The Electroencephalography (EEG) laboratory, funded by the University and the Faculty of Arts and Social Sciences, and housed in the Linguistics Department, was officially opened today by Professor Sigrun Skogly, the Vice-Dean of the University’s Faculty of Arts and Social Sciences.
EEG, and its resulting Event-Related Potential (ERP), records peaks in electrical brain activity time-locked to a specific event. As a result, it provides an extremely sensitive, and extremely accurate, measure of online processing of language in the human brain.
The equipment enables research into the neural basis of language and, because it is non-invasive and requires no conscious response from participants, it enables ground-breaking progress in the testing/application of linguistic theory to a wider demographic range.
This may include, for example, babies, bilinguals operating in one language while unconsciously accessing the other, and children and adults with language disorders and other sensory impairments where behavioral testing alone may often mask underlying cognitive processing.
World-renowned linguist Professor Panos Athanasopoulos, of Lancaster University, said the new Lancaster laboratory presented an array of advantages.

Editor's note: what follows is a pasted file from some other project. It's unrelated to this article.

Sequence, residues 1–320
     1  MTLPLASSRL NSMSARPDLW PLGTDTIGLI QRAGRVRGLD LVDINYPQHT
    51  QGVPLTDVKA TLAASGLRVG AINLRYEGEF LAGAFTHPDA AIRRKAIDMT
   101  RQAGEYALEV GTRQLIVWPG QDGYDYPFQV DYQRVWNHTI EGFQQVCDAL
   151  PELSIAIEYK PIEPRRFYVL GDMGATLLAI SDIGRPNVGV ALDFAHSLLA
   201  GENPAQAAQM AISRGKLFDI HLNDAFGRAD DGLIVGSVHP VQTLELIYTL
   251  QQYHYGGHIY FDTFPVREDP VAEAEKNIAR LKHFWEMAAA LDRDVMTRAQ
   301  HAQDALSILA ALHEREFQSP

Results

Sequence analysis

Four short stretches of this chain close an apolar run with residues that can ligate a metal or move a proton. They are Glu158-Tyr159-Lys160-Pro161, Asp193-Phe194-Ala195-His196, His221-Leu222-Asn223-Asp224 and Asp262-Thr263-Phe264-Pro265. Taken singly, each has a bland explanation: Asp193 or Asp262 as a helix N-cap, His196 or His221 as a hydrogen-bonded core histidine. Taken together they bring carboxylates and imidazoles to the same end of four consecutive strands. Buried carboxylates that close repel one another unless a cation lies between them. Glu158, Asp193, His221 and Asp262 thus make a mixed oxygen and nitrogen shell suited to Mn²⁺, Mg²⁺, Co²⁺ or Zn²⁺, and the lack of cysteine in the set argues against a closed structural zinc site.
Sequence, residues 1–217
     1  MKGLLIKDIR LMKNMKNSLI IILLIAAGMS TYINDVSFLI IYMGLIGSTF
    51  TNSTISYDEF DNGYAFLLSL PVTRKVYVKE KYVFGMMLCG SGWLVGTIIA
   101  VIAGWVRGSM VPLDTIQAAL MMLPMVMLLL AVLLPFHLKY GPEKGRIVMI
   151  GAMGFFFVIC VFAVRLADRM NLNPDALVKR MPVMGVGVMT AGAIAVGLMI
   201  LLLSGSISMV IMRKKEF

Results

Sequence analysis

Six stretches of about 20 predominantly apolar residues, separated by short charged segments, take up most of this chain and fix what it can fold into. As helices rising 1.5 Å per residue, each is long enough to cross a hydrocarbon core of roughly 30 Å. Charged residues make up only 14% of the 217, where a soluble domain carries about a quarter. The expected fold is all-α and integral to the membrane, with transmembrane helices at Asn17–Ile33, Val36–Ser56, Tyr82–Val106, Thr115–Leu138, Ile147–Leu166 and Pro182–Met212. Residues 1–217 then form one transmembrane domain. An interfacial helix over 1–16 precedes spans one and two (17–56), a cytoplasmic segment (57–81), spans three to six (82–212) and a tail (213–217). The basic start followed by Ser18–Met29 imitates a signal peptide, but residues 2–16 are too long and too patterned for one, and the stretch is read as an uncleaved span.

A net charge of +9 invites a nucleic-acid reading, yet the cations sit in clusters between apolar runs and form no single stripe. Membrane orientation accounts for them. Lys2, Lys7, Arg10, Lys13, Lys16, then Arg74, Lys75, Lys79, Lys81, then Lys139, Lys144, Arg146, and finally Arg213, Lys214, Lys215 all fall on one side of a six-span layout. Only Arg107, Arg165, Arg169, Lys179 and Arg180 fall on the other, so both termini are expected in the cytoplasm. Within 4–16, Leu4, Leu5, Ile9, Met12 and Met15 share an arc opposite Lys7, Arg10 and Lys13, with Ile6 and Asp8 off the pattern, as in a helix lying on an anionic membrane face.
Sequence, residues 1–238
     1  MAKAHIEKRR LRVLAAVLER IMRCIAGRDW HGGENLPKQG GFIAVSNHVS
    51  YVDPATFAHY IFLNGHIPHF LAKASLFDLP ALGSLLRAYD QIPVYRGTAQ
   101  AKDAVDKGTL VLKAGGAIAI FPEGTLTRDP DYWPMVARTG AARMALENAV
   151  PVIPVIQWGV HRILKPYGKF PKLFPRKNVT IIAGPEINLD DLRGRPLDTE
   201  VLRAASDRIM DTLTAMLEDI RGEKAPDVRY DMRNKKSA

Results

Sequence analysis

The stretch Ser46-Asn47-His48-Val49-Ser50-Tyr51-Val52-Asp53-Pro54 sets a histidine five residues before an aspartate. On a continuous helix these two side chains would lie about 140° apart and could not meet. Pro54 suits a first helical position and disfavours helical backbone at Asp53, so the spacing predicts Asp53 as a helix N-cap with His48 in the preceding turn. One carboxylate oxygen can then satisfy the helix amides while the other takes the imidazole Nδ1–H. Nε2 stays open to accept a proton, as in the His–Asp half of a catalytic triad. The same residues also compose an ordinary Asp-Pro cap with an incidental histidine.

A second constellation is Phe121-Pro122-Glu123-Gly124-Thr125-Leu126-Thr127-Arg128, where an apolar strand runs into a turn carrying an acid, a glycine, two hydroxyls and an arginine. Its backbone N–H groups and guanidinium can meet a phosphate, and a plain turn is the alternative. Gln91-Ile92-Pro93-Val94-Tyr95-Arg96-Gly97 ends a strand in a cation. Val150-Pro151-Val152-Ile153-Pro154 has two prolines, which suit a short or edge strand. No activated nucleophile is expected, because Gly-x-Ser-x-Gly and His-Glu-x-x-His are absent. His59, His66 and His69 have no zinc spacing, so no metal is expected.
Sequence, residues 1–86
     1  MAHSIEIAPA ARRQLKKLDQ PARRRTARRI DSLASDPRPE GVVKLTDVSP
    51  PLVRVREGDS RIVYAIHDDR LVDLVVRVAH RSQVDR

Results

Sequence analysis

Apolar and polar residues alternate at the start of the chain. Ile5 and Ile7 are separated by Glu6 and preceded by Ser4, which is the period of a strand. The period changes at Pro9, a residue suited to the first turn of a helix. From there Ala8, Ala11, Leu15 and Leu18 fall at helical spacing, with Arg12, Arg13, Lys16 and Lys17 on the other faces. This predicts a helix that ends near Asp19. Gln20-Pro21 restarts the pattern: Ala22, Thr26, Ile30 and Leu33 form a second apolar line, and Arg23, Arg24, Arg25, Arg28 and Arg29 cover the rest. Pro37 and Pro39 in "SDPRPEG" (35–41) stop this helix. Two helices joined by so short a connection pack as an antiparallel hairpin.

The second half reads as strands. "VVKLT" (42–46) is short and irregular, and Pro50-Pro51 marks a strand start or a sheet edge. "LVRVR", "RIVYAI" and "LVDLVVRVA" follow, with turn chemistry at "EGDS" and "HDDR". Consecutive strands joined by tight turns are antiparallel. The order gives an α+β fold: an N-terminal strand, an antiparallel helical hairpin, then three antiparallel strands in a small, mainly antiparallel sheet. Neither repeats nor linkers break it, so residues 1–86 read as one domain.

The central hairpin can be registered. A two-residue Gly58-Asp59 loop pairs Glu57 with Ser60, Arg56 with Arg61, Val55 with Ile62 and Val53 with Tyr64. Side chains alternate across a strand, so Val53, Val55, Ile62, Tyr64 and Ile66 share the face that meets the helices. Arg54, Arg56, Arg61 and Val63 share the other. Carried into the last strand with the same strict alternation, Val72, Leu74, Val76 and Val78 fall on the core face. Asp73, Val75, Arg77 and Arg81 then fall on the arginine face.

“It will allow Lancaster University to be a major player in the cognitive neuroscience of language, attracting top class researchers,” he said. “One of our post-doctoral researchers from Switzerland was successful in attracting £90k of funding from the Swiss Science Foundation to conduct her research in the new lab.
“Research using these new facilities is inter-disciplinary and can reach audiences beyond the boundaries of linguistics and be published in general interest discovery journals with very high impact factors. This then makes language-related research at Lancaster more visible in both academia and society.
“The new lab is already attracting very high level PhD applications, the majority of which are externally funded.”
Managing the new laboratory is Dr Aina Casaponsa, a Lecturer in Language, Cognition and Neuroscience. She will oversee the operation and facilitation of EEG/ERP research by staff and students.
Dr Casaponsa commented: “As a person brought-up in a bilingual society I have always been fascinated by the ability of the brain to understand, communicate and represent the world around us in different languages, without apparently much effort.
“The new laboratory will bring research in linguistics and cognitive neuroscience together, and will allow us to further investigate the links between cognition and language.”
Dr Casaponsa is part of a cohort of early career academics from a wide variety of disciplines that constitutes the 50th Anniversary Lectureship scheme of Lancaster’s 2020 Strategy.